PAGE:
Protect Equipment from Power Surges

Our businesses and homes are filled with many items that are susceptible to power surges. This includes anything with a microprocessor, like computers, TVs and kitchen appliances. Power surges, even low-level fluctuations, can damage sensitive electronic equipment. Take steps to protect these items.

What causes a power surge or voltage variation?

Fluctuations in voltage of the electricity that flows into your business or home, sometimes called a power surge, occasionally interfere with normal equipment operation. A surge can stem from inside, occurring when equipment with a motor starts up or shuts down.

A surge also can be caused by external factors resulting from a lightning strike or something interacting with a power line.

How can I protect equipment at my business and home?

electrician installing a surge protection device in an electrical switchboard

A qualified electrician can install branch or load circuit protectors in your electrical switchboards to help protect your equipment from transient voltage.

Whether it’s equipment vital to business operations or that expensive large-screen TV in the family room, protecting it from surges now can prevent downtime, as well as repair or replacement costs in the future.

When it comes to surge protection devices for business or residential properties, there are three types that meet industry standards:

Type 1: Full-building surge protection. Also known as service entrance surge protectors, these are the strongest type of protection devices. A qualified electrician can install these permanently connected, hard-wired devices near the utility pole where electricity enters your main breaker panel. Type 1 devices help filter the power that enters your building, ensuring external factors are mitigated before entering your internal power system.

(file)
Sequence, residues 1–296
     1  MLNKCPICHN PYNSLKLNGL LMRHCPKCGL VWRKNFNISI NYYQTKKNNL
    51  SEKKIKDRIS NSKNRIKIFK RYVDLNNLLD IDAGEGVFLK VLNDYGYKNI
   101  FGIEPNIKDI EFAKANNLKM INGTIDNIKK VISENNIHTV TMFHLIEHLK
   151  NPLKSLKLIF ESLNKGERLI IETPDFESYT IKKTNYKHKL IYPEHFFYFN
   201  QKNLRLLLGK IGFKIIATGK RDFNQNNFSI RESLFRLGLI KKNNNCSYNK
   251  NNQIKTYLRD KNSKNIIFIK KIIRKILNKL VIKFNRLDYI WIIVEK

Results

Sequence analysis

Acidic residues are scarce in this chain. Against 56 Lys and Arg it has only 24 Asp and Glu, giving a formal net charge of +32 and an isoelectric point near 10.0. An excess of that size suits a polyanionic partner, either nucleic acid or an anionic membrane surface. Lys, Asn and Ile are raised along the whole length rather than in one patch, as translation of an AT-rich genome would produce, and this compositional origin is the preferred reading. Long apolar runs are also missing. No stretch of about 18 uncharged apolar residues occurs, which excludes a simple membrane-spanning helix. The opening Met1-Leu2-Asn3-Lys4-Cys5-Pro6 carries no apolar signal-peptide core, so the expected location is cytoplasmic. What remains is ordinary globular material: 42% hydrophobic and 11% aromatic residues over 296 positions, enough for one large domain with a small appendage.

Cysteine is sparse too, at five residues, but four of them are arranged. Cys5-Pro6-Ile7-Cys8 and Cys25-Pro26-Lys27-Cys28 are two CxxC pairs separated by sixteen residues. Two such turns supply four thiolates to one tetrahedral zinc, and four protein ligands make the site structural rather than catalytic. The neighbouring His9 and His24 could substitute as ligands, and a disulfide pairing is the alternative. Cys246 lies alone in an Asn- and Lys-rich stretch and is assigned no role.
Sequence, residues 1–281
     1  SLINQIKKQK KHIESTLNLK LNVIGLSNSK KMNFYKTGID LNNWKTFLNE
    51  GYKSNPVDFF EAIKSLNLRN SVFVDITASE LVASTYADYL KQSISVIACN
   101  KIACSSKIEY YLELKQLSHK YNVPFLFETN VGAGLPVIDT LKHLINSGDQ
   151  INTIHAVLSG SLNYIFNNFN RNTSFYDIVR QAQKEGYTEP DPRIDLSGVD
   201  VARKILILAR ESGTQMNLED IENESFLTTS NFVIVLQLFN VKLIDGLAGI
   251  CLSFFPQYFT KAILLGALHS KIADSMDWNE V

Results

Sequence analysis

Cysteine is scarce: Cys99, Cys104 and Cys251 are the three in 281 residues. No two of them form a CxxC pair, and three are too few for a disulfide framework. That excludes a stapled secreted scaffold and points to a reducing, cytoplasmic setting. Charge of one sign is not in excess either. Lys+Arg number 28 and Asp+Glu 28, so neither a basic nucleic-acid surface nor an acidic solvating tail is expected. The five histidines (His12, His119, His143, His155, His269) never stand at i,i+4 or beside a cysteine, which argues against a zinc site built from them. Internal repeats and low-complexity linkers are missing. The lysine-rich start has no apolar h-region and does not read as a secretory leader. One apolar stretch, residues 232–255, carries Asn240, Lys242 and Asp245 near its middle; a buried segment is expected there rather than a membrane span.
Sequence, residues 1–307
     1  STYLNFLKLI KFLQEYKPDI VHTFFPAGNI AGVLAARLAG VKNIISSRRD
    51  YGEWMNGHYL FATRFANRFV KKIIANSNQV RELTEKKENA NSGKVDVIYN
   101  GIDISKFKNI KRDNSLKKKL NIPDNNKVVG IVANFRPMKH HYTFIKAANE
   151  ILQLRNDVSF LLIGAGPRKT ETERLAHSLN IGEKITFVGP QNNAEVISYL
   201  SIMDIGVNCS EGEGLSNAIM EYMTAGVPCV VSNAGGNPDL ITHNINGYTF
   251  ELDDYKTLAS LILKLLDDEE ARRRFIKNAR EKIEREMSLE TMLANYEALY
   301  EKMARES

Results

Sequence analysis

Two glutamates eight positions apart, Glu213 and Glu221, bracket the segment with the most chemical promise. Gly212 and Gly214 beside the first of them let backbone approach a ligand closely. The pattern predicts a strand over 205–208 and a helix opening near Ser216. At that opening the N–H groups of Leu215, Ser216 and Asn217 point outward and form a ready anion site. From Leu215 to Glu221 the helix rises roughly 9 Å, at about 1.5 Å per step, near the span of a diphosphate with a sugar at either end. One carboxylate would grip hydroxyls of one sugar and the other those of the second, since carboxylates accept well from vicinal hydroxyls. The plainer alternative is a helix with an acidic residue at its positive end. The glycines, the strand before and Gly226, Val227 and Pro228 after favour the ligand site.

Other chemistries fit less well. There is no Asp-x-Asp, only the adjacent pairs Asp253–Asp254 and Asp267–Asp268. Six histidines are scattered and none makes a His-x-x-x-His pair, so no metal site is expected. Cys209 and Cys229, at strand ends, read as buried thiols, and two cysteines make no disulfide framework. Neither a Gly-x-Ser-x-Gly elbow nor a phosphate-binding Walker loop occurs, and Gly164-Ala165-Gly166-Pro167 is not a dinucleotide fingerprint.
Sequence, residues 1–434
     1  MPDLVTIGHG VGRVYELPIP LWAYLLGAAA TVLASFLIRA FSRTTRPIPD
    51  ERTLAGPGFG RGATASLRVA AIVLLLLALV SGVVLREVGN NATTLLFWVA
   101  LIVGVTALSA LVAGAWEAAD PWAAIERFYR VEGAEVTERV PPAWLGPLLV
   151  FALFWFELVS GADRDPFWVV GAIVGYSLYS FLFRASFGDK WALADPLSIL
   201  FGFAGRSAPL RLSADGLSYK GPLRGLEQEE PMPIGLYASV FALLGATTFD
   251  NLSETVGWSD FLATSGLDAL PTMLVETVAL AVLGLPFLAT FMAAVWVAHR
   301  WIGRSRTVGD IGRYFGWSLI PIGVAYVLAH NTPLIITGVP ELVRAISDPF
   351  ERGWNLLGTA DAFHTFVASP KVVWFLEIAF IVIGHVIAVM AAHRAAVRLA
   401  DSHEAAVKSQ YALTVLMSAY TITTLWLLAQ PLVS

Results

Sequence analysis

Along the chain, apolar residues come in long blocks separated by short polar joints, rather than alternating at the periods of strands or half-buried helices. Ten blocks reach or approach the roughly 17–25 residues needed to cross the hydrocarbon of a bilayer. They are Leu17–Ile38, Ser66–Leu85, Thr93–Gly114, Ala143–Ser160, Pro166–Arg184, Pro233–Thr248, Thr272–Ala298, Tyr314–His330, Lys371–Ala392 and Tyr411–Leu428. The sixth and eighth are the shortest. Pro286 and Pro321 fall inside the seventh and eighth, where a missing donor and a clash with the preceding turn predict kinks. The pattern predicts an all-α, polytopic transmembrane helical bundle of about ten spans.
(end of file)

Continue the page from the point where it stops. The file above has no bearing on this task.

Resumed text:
Type 2: Branch or load circuit protection. Type 2 devices are the main protection system for all low-voltage electrical installations. A qualified electrician can install these permanently connected, hard-wired devices in each electrical switchboard to help limit transient voltage.

Type 3: Point-of-use or device-specific protection. Power strips, the most commonly seen type of surge protectors, are Type 3 devices. Some are able to redirect and protect against medium surges, while others only guard against a mild surge. Look for these features when purchasing power strips:

  • An on/off switch to shut off power to every component.
  • A light or alarm letting you know a high-level surge occurred.
  • A response time of 10 nanoseconds or less.
  • A higher joule rating, which measures the ability of the strip to absorb surges. A rating of 400 is good, but 600 is better.

Keep in mind that no product can provide 100% protection against a major surge like a lightning strike. In the case of damage, it’s recommended property owners contact their insurance provider.